The “300 g” notation is wrong: the innermost scale is on the middle deck, which I engraved with 250 g of downforce, and reads through a window on the top deck. The next scale outward, the inner half of the green block on the left, would be on the upper deck at 300 g, just beyond the innermost scale.
I removed the excess marker with a 320 (-ish) grit abrasive sanding block, producing a remarkable amount of gray dust in the process:
The general idea was to find out what the colors looked like when confined to narrow engraved slots:
It’s enlarged a factor of two from the 600 dpi scanned image by the simple expedient of changing it to 300 dpi, then assuming all the downstream image handling will Do The Right Thing, which could happen.
I sanded it before fully appreciating how even the smallest particle of crud under the styrene sheet ruins the result:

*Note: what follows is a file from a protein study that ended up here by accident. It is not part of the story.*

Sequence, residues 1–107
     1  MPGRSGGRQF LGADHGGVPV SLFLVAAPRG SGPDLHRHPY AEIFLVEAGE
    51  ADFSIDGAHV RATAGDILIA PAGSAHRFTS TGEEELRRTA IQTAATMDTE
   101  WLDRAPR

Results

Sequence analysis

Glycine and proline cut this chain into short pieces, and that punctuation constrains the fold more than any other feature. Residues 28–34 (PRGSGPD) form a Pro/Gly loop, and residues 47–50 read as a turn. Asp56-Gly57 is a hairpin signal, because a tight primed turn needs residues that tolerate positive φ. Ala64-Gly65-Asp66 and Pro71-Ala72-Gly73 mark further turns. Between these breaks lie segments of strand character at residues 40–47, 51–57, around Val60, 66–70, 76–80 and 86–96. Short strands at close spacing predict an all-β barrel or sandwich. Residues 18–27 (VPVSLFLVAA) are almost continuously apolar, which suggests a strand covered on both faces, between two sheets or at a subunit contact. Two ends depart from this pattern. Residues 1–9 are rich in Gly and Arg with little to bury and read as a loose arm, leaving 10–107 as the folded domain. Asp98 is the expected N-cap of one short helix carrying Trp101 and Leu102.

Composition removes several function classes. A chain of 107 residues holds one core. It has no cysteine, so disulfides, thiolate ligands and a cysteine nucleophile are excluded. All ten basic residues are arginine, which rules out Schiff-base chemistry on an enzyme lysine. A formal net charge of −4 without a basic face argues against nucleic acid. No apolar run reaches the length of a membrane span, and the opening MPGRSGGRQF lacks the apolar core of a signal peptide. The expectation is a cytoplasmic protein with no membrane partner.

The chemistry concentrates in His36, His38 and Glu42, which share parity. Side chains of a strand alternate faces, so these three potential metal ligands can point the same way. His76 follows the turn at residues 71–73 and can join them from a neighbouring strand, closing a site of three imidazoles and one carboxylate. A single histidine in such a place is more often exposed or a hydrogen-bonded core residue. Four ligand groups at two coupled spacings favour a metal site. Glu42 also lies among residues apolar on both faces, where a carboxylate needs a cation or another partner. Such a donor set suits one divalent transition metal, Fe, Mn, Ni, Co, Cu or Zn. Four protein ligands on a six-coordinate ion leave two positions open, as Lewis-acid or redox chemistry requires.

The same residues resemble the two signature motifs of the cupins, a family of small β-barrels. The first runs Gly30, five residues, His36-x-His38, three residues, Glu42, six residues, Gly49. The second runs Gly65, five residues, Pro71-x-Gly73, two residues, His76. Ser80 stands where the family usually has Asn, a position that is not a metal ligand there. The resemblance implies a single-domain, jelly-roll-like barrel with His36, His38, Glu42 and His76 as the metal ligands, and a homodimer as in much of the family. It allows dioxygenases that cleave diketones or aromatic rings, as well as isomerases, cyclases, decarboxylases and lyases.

In this section, the scale with green numbers and black ticks was engraved at 300 g and is slightly less abraded than the adjacent scale at 225 g. Guesstimating the depth at 0.13 mm, 0.15 mm at most, the sanding block doesn’t remove much plastic at all … just enough to remove the scales.
The lines are all about 0.1 mm wide and, to the naked eyeball, look about the same as the lines on my K&E Deci-Lon slipstick:, done on a real production line with an actual engraving tool and somebody who knew what he (I’m sure) was doing:
The red CI scale reads right-to-left and, under magnification, you can see where the red ink made its way into the adjacent tick marks. I doubt they were using a pen, but it might be a mechanized roller or dauber.
All in all, sanding works, but it’s messy and poorly controlled.